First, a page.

The story of Final Fantasy XIV is a story of two games. In one reality, a well-crafted game with plentiful support from the community and staff offered a wealth of content for the discerning MMORPG player. Nostalgia for the previous thirteen odd titles, balanced with a strong focus on an ongoing story with a powerful mythos. Constant feedback from the developers with a touching sense of humility, bringing major changes through constant updates to remain relevant, and strong writing to engage the player in the wider world.
In the crapsack of a world that we live in, however, that game was the second version, and we got Final Fantasy XIV 1.0 instead.
Pride has been the name of the game for these little retrospectives so far, a pride completely unjustified by the resulting product. The story of Final Fantasy XIV 1.0 is one of hubris, however, pride plus one, dire pride, Pride Plus: Pride Harderer. I can say with something that resembles smug self satisfaction that I never got around to playing 1.0, but I can certainly remember the promises that were being made at the time. The visionary behind Final Fantasy XI, the series’ other venture into the realm of the MMORPG, was placed in charge of the new project. So with a successful MMORPG, what could go wrong?
Well, everything. Everything could go wrong. You should always assume that with that kind of leading question.
The story is as follows. The realm of Eorzea is in dire need of a champion. On one hand, the beast tribes (humanoid monsters) are summoning their Gods to fight against the spoken races (the player races). Each one is a Summon from Final Fantasy history (Ifrit, Garuda, Titan etc.) Merely by existing, they cause the world to die. This is bad news to the extremely technologically advanced Garlean Empire, who decide that all things being equal, the solution is to invade Eorzea and kill all the beast tribes, while occupying everyone else for the greater good. You and you alone (along with every other player in the entire world) are the Warrior of Light, who has journeyed to Eorzea to be embroiled in the conflicts of nations and gods alike.
Did I make that sound suitably epic? Great! I’m sure you’re all fired up to fight against those gosh darned Primals, yes? Well, the game would like to remind you that you can in fact take a long jump off a short pier. You couldn’t actually fight Primals until release version 1.18. Okay, so, you could fight the Garlean empire, right? Well, the grunts, yes, but nothing of significance happens with them until after 1.18. Okay, so, you can’t fight any of the main threats, but you can prepare yourself by fighting and levelling, since the system allows you to play all classes simply by changing your weapon? Yes, about that, and regarding that whole pier thing the game mentioned earlier. The longer you were logged in on a class, the less experience you would earn. That’s right, the game was so devoid of actual, meaningful content that the game itself discouraged you from investing your time in it. So what could you do in this game?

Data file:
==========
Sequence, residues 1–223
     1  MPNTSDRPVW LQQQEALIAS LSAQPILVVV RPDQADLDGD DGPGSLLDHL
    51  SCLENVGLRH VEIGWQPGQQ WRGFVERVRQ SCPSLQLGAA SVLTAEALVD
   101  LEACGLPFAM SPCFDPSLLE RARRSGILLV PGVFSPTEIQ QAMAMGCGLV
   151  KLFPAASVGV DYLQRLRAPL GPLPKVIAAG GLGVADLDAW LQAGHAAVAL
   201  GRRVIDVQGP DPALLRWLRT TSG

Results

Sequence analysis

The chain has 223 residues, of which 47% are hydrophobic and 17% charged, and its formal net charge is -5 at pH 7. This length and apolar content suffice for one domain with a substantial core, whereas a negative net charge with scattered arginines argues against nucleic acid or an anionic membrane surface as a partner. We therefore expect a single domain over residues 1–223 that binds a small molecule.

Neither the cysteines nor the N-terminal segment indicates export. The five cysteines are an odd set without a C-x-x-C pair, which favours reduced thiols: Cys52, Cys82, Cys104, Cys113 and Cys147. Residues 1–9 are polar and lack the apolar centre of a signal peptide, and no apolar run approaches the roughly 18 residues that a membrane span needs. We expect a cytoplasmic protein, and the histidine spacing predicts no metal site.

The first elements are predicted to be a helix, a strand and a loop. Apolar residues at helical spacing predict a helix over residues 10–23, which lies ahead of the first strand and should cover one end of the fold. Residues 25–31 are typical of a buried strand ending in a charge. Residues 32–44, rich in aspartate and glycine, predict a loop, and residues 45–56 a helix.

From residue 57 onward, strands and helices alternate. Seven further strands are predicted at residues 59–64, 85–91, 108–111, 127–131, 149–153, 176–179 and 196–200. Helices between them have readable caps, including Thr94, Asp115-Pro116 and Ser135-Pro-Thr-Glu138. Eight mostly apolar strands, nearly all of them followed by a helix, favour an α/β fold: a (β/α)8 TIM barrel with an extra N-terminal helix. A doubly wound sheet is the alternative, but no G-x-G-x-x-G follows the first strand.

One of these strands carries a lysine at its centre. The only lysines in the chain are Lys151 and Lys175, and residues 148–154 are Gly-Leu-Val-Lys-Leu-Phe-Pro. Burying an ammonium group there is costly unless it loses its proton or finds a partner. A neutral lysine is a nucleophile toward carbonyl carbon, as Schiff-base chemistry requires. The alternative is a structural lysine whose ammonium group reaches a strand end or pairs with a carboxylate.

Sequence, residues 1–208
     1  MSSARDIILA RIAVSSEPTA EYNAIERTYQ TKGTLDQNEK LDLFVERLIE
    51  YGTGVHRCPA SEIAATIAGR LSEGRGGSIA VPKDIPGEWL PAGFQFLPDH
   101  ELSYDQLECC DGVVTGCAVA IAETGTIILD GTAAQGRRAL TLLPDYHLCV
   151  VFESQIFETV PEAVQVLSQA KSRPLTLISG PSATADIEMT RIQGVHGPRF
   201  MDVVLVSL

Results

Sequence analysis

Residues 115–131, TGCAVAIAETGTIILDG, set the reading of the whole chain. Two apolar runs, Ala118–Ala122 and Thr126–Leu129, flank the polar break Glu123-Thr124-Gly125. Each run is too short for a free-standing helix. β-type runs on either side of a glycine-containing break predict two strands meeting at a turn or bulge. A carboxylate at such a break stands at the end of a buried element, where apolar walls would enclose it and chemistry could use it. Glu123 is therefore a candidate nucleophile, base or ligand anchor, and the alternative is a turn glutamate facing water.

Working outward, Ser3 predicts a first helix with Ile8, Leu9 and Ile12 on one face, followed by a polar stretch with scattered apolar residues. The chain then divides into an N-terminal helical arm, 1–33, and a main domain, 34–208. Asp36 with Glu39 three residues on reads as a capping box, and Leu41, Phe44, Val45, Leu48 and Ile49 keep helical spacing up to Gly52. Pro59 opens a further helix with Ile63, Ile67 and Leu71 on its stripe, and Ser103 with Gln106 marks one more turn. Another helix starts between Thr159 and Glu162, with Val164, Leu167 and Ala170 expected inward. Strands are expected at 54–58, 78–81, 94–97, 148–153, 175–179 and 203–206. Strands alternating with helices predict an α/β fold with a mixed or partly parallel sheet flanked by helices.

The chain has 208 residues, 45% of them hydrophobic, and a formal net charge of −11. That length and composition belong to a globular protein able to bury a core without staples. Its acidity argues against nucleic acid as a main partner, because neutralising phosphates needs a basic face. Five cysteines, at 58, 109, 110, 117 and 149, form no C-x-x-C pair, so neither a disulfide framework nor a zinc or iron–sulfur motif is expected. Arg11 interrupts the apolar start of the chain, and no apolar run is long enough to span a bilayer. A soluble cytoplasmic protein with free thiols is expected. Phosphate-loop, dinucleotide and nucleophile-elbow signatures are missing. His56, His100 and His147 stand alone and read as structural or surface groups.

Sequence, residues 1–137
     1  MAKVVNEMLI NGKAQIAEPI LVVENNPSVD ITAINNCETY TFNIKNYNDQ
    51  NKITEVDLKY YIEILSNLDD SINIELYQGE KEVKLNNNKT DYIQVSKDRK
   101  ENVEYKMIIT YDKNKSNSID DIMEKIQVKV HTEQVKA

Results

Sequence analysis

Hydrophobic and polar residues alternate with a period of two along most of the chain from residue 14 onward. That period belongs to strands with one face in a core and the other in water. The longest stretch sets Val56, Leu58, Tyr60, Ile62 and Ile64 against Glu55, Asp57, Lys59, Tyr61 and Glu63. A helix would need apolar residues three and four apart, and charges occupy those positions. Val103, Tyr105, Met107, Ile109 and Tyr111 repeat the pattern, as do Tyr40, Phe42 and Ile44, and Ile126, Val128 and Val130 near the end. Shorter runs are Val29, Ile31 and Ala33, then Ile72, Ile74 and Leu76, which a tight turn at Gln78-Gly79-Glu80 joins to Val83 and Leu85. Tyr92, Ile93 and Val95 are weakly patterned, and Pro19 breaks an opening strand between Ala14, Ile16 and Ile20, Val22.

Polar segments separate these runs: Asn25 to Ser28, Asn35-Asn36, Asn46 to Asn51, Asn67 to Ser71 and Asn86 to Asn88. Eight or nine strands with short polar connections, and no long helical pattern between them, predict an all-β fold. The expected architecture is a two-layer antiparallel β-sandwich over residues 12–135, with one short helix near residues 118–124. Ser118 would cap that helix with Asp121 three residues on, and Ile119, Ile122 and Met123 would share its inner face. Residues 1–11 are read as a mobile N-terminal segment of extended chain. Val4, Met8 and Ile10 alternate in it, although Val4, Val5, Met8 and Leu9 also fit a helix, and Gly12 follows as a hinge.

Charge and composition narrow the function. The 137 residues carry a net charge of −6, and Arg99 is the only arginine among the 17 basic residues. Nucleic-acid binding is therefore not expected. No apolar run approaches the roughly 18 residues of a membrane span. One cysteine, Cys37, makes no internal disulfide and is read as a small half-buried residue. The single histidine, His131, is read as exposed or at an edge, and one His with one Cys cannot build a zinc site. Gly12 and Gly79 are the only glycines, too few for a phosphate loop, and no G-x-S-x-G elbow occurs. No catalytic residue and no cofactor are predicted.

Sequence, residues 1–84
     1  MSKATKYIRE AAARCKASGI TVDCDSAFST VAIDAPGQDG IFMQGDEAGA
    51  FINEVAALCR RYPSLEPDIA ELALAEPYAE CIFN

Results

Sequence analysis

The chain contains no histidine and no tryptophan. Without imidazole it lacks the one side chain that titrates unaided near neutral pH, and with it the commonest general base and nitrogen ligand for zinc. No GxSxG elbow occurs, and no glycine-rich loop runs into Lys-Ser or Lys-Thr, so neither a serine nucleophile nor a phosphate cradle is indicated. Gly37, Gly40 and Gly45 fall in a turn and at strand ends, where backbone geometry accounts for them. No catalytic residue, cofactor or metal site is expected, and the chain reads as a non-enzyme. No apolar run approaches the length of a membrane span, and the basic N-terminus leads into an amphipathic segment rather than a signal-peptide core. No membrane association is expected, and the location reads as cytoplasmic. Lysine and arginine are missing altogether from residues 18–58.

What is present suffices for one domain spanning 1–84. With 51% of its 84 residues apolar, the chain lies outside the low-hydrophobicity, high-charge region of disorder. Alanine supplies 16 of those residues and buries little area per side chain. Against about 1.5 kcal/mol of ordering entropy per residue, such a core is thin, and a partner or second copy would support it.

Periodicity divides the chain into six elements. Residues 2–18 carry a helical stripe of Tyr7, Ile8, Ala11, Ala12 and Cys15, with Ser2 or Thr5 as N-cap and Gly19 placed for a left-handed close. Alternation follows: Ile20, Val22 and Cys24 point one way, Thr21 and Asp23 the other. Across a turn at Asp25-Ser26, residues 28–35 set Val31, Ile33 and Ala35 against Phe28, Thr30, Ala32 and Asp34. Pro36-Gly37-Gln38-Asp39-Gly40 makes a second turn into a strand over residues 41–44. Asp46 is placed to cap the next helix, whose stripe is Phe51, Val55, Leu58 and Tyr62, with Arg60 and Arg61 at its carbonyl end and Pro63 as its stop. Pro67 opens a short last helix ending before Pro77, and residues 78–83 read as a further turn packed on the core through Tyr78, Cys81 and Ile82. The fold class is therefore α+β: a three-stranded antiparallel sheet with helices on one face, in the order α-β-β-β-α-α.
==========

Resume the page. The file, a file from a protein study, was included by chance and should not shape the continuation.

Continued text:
I mentioned that I never played 1.0, but I made the mistake of soliciting people I know in game for their 1.0 experiences. They were eager to respond in the same way that rabid hyenas are eager to rip prey limb from limb. From what they told me, the primary activity in Final Fantasy XIV 1.0 was to wait for the comforting embrace of death itself, to usher in the end of a long, timeless purgatory where there was nothing but the endless void of infinity on all sides. Either that or pet the Aldgoats. The horror stories that they regaled me with are not suitable for general consumption, but one outlined the main problem of the game. This player, involved in the original betas, made note of a number of glaring flaws, such as a broken combat system and a number of other, rather crippling flaws. Come final release, all these flaws were still there.
The most glaring positive I could find was ‘the game looked prettier’, which was because plants had the same level of model detail as actual player characters. The game was such a broken mess that Square Enix, a corporation that released Final Fantasy All the Bravest with a straight face, felt compelled to send a message to reviewers asking them to not release reviews until they had had a few months after release to sort things out, a process you would think would happen say, after a Beta of some sort. And obviously, everyone complied with this request in the land of fairies and unicorns.
FFXIV was in fact such a blot that the company actually fired the team in charge, bumped up some nobody who had been saying things like ‘maybe this game is utter bollocks’ to the lead position. This man was Yoshi-P, and he proposed a simple solution. Have a God Dragon from the moon nuke everything.
So we have yet another humiliation for Square Enix caused by a degree of hubris that would make Lucifer himself blush in shame. Honestly, it’s like shoving the Final Fantasy name on a thing isn’t enough to ensure a quality product, a thing that Final Fantasy XIV has taken to heart, resulting in a quality product that connects with its players. It’s strange, though, I could have sworn that Square had learned this lesson before.
Yes, in fact, it’s somewhere back in the mists of time. Something lurking in the shadows. The lesson of pride that devastated everything a prestigious company stood for. A lesson unlearned. A moral ignored. I really wish I could remember…